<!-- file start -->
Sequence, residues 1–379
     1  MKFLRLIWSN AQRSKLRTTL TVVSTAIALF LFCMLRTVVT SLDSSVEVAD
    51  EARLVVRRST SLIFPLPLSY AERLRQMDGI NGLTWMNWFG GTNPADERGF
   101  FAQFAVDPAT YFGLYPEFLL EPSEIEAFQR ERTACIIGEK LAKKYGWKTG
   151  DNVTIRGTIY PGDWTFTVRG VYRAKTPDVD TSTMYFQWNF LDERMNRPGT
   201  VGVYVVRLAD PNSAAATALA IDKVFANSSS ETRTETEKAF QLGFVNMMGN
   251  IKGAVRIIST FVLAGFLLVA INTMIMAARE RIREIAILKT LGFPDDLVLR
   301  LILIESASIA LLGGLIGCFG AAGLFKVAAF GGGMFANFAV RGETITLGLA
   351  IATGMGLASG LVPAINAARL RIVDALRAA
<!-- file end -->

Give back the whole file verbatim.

Sequence, residues 1–379
     1  MKFLRLIWSN AQRSKLRTTL TVVSTAIALF LFCMLRTVVT SLDSSVEVAD
    51  EARLVVRRST SLIFPLPLSY AERLRQMDGI NGLTWMNWFG GTNPADERGF
   101  FAQFAVDPAT YFGLYPEFLL EPSEIEAFQR ERTACIIGEK LAKKYGWKTG
   151  DNVTIRGTIY PGDWTFTVRG VYRAKTPDVD TSTMYFQWNF LDERMNRPGT
   201  VGVYVVRLAD PNSAAATALA IDKVFANSSS ETRTETEKAF QLGFVNMMGN
   251  IKGAVRIIST FVLAGFLLVA INTMIMAARE RIREIAILKT LGFPDDLVLR
   301  LILIESASIA LLGGLIGCFG AAGLFKVAAF GGGMFANFAV RGETITLGLA
   351  IATGMGLASG LVPAINAARL RIVDALRAA